Sunday, June 13, 2010

I Was Wondering When Things Were Going to Go From Bad to Worse

Atlantic Tropical Weather Outlook
A LARGE LOW PRESSURE SYSTEM LOCATED ABOUT 975 MILES WEST-SOUTHWEST OF THE CAPE VERDE ISLANDS IS PRODUCING WIDESPREAD CLOUDINESS ALONG WITH SOME SHOWERS AND THUNDERSTORMS. THIS DISTURBANCE CONTINUES TO BE WELL-ORGANIZED AND ENVIRONMENTAL CONDITIONS ARE EXPECTED TO REMAIN CONDUCIVE FOR ADDITIONAL DEVELOPMENT OF THIS SYSTEM AS IT MOVES WEST-NORTHWESTWARD OR NORTHWESTWARD AT 10 TO 15 MPH. THERE IS A HIGH CHANCE...60 PERCENT...OF THIS SYSTEM BECOMING A TROPICAL CYCLONE DURING THE NEXT 48 HOURS.
There is a long way between a low-pressure system in the Eastern Atlantic and a hurricane in the Gulf of Mexico, but it is the first step.

Update: Weather Underground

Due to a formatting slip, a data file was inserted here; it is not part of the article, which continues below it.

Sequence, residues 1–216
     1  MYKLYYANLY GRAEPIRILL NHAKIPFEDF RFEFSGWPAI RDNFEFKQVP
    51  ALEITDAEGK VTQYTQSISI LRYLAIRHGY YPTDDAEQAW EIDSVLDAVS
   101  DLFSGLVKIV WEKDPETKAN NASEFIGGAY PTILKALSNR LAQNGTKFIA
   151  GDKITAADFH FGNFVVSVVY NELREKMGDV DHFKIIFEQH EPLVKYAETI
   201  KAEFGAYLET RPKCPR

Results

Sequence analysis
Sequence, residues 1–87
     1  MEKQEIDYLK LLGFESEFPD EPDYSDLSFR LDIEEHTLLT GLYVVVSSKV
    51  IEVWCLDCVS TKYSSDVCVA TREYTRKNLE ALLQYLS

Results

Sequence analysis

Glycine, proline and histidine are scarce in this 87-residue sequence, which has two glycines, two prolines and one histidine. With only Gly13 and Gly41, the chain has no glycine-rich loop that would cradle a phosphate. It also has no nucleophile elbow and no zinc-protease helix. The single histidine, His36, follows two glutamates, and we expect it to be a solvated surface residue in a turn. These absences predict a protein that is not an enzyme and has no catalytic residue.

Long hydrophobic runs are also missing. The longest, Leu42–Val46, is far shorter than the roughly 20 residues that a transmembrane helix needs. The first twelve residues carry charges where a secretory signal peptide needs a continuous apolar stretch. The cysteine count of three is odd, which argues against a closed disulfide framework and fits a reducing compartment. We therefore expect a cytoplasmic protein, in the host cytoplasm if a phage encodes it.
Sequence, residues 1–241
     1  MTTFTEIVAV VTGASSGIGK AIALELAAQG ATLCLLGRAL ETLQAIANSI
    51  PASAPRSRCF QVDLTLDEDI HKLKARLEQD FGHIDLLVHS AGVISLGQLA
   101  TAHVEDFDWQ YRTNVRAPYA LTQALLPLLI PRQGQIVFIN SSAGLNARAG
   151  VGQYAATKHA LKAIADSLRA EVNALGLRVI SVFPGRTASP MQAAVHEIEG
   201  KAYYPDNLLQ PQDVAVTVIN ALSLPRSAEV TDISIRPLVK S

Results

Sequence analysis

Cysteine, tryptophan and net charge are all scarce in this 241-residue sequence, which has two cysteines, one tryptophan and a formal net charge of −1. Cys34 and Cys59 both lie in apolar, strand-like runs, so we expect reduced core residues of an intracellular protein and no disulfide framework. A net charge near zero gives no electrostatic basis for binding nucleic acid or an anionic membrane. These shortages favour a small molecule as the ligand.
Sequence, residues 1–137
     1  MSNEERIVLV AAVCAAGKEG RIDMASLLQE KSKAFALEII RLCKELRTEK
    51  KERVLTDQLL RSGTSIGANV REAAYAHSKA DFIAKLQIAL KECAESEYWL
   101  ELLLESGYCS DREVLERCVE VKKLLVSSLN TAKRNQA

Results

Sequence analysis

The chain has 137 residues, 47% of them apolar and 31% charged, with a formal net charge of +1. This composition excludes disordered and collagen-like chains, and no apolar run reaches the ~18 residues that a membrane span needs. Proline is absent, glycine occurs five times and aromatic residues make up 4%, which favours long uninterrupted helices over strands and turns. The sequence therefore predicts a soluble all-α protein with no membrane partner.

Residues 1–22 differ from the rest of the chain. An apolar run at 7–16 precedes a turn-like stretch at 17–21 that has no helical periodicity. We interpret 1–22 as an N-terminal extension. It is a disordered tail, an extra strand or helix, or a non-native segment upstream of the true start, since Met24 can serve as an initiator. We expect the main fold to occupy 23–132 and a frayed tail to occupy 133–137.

An unusually large and well-developed African tropical wave for so early in the season has developed midway between the coast of Africa and South America. The storm was designated Invest 92L by the National Hurricane Center yesterday, and has a good chance of becoming the first tropical depression of the Atlantic hurricane season. Surface winds measured by the 8:23am EDT pass of the European ASCAT satellite revealed that 92L already has a closed surface circulation, though the circulation is large and elongated. Top winds seen by ASCAT were about 25 mph. METEOSAT visible satellite loops show a large and impressive circulation that is steadily consolidating, with spiral bands building inward towards center, and upper-level outflow beginning to be established to the northwest and north.

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